Spring solstice, looking north to the Alaska Range

Sunny days, sunglasses and sunscreen: it must be spring break! Snow and sun combine to make the world bright white and blue; even the green of the trees fades into the background. Days stretch to evening, long as mid-summer days in San Francisco. I never need a flashlight when the snows are lit with the reflection of the moon and stars; if I did, it would blind me to the green glow of auroras that followed the recent spate of solar flares. No wonder Alaskans find this the perfect place for spring break.  Just as a torrent of snowmachiners rushed down our highway, over our river and through our woods, we took our own spring break and headed north to Fairbanks.

The impetus for our trip was a three-day conference on sustainable agriculture in Alaska. But it was also a chance to buy groceries and do laundry after nearly three months in the backwoods. We stayed with Gary’s sister Tina and her family in North Pole; I even got my first haircut in eight months, thanks to Gary’s niece Selena!

See how the dogs jump with excitement as they wait to start the race!

North Pole is the town that gets and answers all the letters sent to “Santa Claus, North Pole.” It’s a place where keeping Christmas decorations up year-round is encouraged, especially around Santa Claus Lane (which intersects with St. Nicolas Drive). It earns its name in part by having weather that is easily 15 degrees colder than nearby Fairbanks, which is itself as cold as or colder than we are in winter. But we got lucky—it never got below -30° when we were there.

The Fairbanks ice sculpture contest brings in artists from around the world.

A flashy fur parka in the Fairbanks Parka Parade.

And there’s lots going on in Fairbanks this time of year: we saw the third and final day of the Open North American Championship sled dog race, noisy dogs bouncing with excitement, a parka parade showing off traditional parkas (and, with nine entrants, reminding us that Fairbanks is still a small town), an ice sculpture park, and the Museum of the North at the University of Alaska.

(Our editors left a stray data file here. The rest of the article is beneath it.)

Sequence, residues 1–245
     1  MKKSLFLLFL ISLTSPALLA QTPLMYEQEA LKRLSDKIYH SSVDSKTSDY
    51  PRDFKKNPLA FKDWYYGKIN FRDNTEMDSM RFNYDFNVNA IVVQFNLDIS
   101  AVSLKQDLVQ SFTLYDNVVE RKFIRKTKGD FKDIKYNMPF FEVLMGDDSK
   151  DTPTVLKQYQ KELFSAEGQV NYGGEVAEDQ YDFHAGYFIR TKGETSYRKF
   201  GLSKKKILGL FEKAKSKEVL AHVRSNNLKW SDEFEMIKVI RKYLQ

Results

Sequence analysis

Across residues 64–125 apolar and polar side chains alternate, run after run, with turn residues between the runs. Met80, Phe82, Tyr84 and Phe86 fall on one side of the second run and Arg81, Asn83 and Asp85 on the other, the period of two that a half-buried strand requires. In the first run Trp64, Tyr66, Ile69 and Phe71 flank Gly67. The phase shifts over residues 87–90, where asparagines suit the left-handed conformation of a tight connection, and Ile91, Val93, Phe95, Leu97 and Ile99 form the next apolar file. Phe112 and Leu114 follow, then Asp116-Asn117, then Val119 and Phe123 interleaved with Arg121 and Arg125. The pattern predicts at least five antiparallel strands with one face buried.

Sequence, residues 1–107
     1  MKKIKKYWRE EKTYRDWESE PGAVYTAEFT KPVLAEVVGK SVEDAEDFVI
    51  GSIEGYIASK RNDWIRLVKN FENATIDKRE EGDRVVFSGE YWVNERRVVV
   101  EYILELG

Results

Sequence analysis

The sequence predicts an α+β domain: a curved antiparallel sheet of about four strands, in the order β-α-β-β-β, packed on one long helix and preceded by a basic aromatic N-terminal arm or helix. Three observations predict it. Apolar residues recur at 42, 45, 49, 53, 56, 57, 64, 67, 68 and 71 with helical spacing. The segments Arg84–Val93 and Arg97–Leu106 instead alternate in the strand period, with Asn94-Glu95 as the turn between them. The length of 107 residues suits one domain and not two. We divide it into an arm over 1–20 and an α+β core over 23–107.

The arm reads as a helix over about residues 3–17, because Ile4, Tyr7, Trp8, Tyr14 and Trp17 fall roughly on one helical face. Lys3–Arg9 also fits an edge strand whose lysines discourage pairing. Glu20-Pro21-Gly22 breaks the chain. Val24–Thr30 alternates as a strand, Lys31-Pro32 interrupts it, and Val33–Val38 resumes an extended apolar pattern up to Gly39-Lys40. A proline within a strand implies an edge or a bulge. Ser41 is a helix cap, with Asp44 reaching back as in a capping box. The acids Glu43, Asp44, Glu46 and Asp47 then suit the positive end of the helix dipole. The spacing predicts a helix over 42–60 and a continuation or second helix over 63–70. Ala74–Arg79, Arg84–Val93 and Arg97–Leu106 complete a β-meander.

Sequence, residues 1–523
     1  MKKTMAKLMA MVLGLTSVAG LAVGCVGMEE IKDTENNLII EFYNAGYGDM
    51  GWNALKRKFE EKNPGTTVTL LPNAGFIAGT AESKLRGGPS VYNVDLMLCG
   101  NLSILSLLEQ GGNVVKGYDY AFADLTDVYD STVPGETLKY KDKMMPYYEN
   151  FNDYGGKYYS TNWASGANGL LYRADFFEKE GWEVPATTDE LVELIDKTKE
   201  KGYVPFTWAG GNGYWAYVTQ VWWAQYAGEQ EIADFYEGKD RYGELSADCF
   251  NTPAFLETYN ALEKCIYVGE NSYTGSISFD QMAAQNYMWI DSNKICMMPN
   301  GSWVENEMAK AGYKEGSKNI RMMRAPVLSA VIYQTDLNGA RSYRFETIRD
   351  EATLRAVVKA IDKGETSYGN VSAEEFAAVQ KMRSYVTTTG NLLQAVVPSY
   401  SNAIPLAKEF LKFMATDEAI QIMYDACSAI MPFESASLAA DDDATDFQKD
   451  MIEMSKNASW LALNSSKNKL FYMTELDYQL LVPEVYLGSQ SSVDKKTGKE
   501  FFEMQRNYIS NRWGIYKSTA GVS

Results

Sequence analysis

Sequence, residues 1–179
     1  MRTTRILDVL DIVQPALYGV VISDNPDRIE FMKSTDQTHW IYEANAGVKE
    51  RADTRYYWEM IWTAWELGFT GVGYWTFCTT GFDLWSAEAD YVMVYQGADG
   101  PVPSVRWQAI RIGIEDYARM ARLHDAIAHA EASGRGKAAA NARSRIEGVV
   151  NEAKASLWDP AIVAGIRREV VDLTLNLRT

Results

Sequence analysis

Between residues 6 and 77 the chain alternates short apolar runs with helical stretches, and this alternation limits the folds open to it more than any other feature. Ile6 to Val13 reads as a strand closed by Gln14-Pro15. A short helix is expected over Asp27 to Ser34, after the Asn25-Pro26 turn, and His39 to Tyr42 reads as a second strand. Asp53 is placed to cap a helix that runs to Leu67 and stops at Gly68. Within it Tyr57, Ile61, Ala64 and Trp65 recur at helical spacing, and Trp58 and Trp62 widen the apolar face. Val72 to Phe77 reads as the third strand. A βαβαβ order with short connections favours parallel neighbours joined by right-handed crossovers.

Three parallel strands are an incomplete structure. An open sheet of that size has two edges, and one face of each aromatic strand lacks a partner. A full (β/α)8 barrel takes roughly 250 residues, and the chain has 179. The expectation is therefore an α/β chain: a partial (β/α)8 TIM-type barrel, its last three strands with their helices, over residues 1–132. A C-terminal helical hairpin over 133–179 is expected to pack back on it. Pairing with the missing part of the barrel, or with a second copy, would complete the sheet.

It’s always hard to leave home, in part because it robs us of so many good days here. It takes the better part of two days to get ready for the trip, two days of travel round trip, and a day to unpack and resettle. Getting ready includes gathering laundry, packing and cleaning, but we also have to prepare for the cabin to freeze. Gary makes large batches of kindling, enough to start and keep a quick, hot fire burning for the several hours it takes to warm the cabin and everything in it when we return. I take charge of dealing with food and water. It’s getting easier: this time we didn’t have any fresh food left, eliminating the chore of blanching it or otherwise preparing it so it would survive freezing. Last time we went away I made ice in small batches in pans to thaw quickly when we returned, so we wouldn’t have to get water from the river after a long day’s travel. It was tedious, since only a tiny bit of water could be left in each pan or bucket; allowing water to freeze in any volume will cause the containers to bulge and buckle. This time I harvested ice and icicles from my water hole and stored them in buckets. At first I chiseled ice, which I needed to do anyway to re-open the iced-over water hole. When most of the ice dropped into the current as it broke free, I hit on the idea of filling my buckets with icicles. I hated to do it—I love seeing the icicles in my beautiful ice room—but by taking them from the least visible spots I was able to keep the beauty of the place intact. (See http://www.indeep-alaska.com/2011/12/03/Riverdance/)